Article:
If you are designing or upgrading a home, you might be considering a tankless water heater. This is a product that most of us has hard of, but might not have experience with. So what are the pros and cons of tankless home water heaters?
What Is A Tankless Water Heater?
A traditional water heater has, you guessed it, a tank for holding water that has been heated. The water is heated, cools naturally, and then reheats in a continual cycle, which isn’t efficient if you aren’t home. Not a lot of power is needed because the water is going from hot to really hot, but the cycle runs all the time so power is wasted.
A tankless water heater ditches the full-size (say 50 gallons) for 2-9 gallon/minute flow rate with almost no water in holding. When water is needed, a much more powerful heater is activated and the water is heated almost instantly. More power is used at the time, but it’s not used as much. The end result is an overall smaller and more efficient system.
Advantages of Tankless Water Heaters
Here are the reasons why you should consider a tankless system…
- Overall power efficiency is improved
- Improved lifespan (up to a 20 year working life)
- Unlimited hot water
- Smaller size overall
Tankless water heaters are best for home with two or less people in them and that use less water each day. While they can work for any household, especially if you are adding multiple tankless heaters, smaller households will benefit the most and recognize the most efficiency gains and the fastest times towards earning back the higher upfront cost of the heater.
Disadvantages of Tankless Water Heaters
And here are reasons not to go tankless…
- Higher upfront cost (averaging about $1000)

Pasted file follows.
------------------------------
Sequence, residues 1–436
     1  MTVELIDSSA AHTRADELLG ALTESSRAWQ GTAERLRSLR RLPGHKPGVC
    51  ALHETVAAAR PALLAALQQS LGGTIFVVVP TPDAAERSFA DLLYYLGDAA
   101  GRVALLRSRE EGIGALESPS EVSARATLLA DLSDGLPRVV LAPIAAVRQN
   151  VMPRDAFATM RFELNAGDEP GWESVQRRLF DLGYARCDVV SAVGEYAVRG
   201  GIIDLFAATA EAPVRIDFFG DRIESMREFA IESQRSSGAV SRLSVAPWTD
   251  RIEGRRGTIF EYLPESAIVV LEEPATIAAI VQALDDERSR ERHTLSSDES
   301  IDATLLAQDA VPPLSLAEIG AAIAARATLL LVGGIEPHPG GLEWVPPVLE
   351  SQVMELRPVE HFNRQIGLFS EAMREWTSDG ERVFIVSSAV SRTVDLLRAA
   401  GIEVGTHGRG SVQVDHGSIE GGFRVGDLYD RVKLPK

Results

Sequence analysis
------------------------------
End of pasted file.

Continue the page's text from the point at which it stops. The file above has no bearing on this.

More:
- Increased installation complexity
- Annual maintenance is required
- Less water temperature consistency
- Output is limited by heating power (usually 2-5 gallons/minute, with high-end models going up to 9 gpm)
Tankless water heaters aren’t magic, they can only output so much water and they will only trigger when sufficient water is flowing. This means you may want a small stream of hot water, say for shaving, but it’s not enough to turn on the heater, which uses a flow-rate sensor to know when to activate.
A key compliant with tankless heaters is that they can’t pre-heat water (they heat on demand) so if someone wants to take a shower while the dishwasher is running or two people want to shower at once, there may not be enough hot water to go around. This is why larger homes will opt for multiple tankless heaters as opposed to a whole-house tankless heater.
While tankless water heaters do require annual maintenance, this is really more of an issue in areas with hard water. So for safety’s sake and in order to maintain your warranty you’ll want to have the heater serviced, you shouldn’t expect problems or even much work if you are already taking measures against hard water deposits.
The heater in a tankless model might be up to 200,000 BTUs vs. around 75,000 BTUs for a standard water heater. This might means changes to your gas line or a higher power bill if you opt for an electric model. The tankless heater will often require a higher flow gas line as well as increased venting off of your standard heater.
- How long to tankless water heaters last?
Tankless water heaters are typically designed to last for 20 years. This is versus the expected 10 year lifespan of a standard water heater with a tank. The warranty on a brand name heater, like a Rheem might be a 12-year limited warranty on the unit, 5 to 6 years on parts, and 1 year on installation labor.